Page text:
Band: Aderlating
Country: Drachten, Netherlands
Style: Dark Ambient/Atmospheric Black Metal
Label: Consouling Sounds

Mories is a man I respect a lot, I haven't met a project of his that I don't like. I'm sure at least some people are familiar with his most well-known project Gnaw Their Tongues, but might not be introduced to Aderlating. This is also the only project Mories plays live with, in which I'm surprised as many people still don't know about this project.
Aderlating is a fairly multi-faced beast when it comes to describing what it sounds like cause each release tends to differ while all remaining in a similar sonic realm. In the past, records have moved through more atmospheric black metal, noise, dark ambient, power electronics, and drone but always keeps the same disturbing ambiance. This album, takes elements from all of those genres mentioned above, and mixes them into probably the project's most ambitious release to date. The title-track, Spear of Gold and Seraphim Bone, is a track that I could see fans of black metal getting into, simply due to it making use of the same sort of brutal atmosphere you might hear from black metal, but without using guitars. The only real time this album bursts into what could be a real black metal section is on Engel Der Wrake, not that I would say the guitar really adds to the intensity of that part though.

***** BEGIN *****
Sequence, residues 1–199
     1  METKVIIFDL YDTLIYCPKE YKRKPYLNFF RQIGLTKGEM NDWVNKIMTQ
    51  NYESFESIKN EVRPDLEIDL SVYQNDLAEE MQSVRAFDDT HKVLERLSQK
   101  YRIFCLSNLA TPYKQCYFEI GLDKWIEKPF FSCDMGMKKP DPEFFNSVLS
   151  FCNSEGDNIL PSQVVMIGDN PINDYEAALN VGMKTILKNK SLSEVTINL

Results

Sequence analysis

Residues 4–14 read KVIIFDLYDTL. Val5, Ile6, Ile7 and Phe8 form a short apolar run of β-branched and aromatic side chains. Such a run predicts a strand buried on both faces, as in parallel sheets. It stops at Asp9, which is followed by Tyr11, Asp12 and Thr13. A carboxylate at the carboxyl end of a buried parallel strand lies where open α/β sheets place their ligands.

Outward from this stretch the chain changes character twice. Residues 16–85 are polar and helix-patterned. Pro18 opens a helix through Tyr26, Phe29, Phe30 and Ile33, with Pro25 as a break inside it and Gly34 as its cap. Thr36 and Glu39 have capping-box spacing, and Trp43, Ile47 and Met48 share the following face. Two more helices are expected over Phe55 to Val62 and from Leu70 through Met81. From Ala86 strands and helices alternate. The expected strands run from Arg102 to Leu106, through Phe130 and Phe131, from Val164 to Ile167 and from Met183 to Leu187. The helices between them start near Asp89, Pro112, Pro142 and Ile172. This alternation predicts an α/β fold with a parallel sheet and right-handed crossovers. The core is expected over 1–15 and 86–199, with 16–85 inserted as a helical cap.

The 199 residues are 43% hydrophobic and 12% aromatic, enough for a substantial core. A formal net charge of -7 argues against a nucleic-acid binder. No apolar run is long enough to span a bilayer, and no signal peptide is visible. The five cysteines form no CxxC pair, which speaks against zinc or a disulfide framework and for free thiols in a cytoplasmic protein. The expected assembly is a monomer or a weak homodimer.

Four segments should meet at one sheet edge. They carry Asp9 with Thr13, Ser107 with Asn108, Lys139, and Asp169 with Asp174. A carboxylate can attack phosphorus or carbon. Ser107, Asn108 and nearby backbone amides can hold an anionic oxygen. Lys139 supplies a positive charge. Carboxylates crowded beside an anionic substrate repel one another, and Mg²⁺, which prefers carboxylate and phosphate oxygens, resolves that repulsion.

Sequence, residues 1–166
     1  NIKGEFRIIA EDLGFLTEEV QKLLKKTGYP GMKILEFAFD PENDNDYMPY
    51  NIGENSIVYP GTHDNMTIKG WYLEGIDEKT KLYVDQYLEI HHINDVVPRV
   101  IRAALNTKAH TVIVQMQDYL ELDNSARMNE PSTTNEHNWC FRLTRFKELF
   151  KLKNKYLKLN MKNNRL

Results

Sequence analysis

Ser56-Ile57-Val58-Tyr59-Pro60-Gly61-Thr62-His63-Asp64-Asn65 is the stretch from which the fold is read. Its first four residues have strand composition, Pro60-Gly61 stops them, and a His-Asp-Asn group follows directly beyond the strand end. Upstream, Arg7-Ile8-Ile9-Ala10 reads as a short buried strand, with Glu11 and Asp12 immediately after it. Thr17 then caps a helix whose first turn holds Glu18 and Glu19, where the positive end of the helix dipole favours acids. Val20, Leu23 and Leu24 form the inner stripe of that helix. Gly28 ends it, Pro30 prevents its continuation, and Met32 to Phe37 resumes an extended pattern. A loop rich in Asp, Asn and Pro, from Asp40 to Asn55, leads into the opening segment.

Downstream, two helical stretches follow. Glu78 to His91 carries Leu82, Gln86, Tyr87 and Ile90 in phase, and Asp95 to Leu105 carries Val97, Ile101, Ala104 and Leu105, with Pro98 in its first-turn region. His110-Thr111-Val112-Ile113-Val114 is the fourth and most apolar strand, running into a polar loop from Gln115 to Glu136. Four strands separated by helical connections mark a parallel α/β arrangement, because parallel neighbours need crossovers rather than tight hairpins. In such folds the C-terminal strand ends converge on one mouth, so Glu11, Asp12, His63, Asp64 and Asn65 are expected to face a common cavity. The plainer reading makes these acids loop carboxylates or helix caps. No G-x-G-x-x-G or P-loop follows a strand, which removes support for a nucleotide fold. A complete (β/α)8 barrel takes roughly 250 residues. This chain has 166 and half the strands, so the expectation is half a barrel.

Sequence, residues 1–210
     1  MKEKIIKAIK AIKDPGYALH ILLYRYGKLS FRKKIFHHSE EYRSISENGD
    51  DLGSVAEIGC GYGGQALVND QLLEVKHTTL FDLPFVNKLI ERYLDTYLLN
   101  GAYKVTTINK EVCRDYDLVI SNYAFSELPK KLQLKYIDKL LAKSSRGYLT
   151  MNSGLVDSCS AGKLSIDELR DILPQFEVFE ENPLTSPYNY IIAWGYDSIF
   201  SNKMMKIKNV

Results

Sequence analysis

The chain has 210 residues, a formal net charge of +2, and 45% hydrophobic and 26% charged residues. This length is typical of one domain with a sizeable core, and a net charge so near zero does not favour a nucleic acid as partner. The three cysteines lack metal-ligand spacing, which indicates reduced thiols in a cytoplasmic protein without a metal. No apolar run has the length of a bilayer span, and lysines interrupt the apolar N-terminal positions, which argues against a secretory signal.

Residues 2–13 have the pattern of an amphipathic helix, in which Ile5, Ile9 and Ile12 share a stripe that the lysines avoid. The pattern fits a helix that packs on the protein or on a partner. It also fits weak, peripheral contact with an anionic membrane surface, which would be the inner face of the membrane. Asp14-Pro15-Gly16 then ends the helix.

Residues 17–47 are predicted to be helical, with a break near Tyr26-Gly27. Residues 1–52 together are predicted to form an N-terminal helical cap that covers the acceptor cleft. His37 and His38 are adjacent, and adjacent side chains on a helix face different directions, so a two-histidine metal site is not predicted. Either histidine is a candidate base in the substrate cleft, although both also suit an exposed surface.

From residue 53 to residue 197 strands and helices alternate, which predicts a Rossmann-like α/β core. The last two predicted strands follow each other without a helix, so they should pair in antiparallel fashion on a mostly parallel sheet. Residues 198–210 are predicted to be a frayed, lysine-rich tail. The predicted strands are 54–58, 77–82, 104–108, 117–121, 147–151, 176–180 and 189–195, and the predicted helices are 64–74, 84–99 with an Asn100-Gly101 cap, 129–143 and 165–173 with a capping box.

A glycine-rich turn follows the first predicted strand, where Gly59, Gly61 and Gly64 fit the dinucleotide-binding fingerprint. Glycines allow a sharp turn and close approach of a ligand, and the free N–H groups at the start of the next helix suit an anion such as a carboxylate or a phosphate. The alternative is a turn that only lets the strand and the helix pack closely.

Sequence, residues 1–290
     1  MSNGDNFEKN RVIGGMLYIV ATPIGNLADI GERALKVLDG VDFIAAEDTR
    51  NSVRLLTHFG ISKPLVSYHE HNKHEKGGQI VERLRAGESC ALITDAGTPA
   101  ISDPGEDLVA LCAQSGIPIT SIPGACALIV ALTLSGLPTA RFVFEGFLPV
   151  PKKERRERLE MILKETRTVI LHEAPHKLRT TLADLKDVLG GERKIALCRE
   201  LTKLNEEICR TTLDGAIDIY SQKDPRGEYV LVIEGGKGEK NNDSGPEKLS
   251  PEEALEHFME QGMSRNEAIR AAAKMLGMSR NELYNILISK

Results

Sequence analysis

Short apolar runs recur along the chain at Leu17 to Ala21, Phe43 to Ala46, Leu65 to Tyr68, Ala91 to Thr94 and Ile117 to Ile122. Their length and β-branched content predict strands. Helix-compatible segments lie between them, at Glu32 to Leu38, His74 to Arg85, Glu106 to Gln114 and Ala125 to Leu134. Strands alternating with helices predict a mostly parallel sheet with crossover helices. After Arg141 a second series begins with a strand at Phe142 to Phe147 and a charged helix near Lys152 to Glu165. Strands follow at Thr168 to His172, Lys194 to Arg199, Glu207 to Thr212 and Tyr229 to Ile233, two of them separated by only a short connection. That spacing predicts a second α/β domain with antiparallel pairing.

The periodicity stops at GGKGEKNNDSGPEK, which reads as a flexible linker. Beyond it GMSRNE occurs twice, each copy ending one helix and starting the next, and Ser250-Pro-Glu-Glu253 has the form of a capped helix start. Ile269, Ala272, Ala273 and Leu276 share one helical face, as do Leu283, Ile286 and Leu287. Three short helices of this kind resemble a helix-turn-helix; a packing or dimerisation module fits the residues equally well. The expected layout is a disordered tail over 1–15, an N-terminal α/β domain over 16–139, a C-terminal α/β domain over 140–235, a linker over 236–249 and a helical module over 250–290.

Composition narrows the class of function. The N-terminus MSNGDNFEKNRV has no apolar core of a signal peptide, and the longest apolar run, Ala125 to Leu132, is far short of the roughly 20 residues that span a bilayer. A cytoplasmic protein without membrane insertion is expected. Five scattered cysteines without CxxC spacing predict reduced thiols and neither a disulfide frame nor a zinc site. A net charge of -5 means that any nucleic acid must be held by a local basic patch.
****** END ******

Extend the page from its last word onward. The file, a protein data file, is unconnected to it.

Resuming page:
I found the use of a drum-set, electronic or real I'm not sure, to really bring a lot more life to this album, where some other releases have to say got to be a bit much with only noise and sounds flying at you at once. The drums really keep things controlled a bit more, reigning in some of the more crazy tendencies of older releases. But I find that even on tracks without percussion, Descending The Naraka I for instance, the arrangement is not nearly as chaotic, which really increased my level on enjoyment. I think the reason why I actually enjoy this project more so than a lot of other dark ambient, mind you it's only one aspect of this project's sound but still, is that there is a lot of different sounds going on, there's always a new idea or sound being introduced into the fold so nothing stays around long enough to get stale. At it's most aggressive it'll remind you of Gnaw Their Tongues while it's most soft and ambient moments can only be compared to other Aderlating records.
I really enjoyed this record, it's probably my favorite release from this project as of right now. I figure a lot of people won't probably be into it simply because this is more "avant-garde," but this is some really killer stuff. I urge you to check this project out, really any of Mories' work, it's all high quality.